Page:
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Friday 10 July 2020

GDP dips to 4.7%; govt mulls over a new method of calculation

The base year has been changed from time to time to calculate the GDP, but now the government proposes a chain base formula for this

The gross domestic product (GDP) growth rate in the third quarter of the current financial year is estimated to be 4.7%. Despite all efforts by the government, the Indian economy is not booming. The nominal GDP growth rate is at just 8%. Inflation is not adjusted in its calculus. This GDP growth rate is at a six-year minimum.

It could be worse. While the 4.7% print in December is better the September quarter’s initial estimate of 4.5%, the National Statistical Office (NSO) on Friday revised its growth estimates upward for the June quarter to 5.6% and the September quarter to 5.1%, signalling the economy is yet to bottom out.

At the moment, the cloud does not appear to have a silver lining. There is a slowdown in demand. Retail inflation is at a seven-year high. The unemployment rate is at a four-decade high. The stock market continues to decline. Investors are reluctant to put in their money. There is negative news for the economy on all fronts.

The sluggishness can be gauged from the fact that in one year, the Reserve Bank of India (RBI) cut the repo rate by 1.35%. Despite this, loan demand did not increase that much, but the inflation rate has almost doubled from the target of 4%.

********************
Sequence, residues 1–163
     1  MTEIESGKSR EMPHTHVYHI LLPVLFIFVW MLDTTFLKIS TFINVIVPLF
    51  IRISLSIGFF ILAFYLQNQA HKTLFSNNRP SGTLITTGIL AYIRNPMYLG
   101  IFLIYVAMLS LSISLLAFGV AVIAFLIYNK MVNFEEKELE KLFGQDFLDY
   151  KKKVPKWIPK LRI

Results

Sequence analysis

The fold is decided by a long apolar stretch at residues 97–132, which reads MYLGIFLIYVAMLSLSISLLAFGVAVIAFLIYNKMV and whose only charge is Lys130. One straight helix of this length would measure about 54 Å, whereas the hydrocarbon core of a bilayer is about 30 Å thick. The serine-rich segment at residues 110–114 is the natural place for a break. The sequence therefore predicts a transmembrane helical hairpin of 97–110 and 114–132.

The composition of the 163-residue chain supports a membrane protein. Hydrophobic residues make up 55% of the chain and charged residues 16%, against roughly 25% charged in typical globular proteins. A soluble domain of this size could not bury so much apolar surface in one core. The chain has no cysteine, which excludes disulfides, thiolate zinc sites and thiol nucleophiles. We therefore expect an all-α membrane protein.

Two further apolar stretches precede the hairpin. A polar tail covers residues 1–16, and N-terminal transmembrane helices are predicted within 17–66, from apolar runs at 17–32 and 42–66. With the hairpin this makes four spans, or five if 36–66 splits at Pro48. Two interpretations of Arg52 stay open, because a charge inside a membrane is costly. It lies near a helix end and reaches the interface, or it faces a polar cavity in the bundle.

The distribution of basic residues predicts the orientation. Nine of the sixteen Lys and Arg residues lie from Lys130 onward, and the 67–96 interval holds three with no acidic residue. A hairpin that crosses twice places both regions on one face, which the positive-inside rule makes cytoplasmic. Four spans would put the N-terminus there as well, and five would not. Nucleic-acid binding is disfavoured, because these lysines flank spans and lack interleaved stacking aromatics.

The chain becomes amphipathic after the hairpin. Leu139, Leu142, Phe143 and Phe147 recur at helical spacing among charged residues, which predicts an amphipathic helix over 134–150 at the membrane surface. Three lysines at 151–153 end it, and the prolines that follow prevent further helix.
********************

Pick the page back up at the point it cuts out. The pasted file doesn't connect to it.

However, RBI Governor Shaktikanta Das says that the policies of the central bank of the country were delivering results while the slow credit offtake was still the greatest of challenges the banks faced.

There is also a decline in industrial production. The government now hopes that the impact of decisions like GST will be seen in the coming days.

The base year has been changed from time to time to calculate the GDP. In December 2019, the government proposed to adopt a chain base formula for this.

Currently, the fixed base year formula is adopted. The new formula may include several factors to arrive at an accurate figure of GDP. The new formula will include 12 factors. With this help, the government will be able to make a real-time growth assessment. The factors are as follows.

  1. Industrial Production Index (IIP) — consumer goods
  2. IIP — core sector
  3. Automobile Sales
  4. Non-oil-non-gold import
  5. Export
  6. Rail freight (freight fare)
  7. air cargo
  8. Foreign tourist inflow
  9. Government tax receipts
  10. Nominal effective exchange rate (NEER)
  11. Sensex
  12. Bank credit

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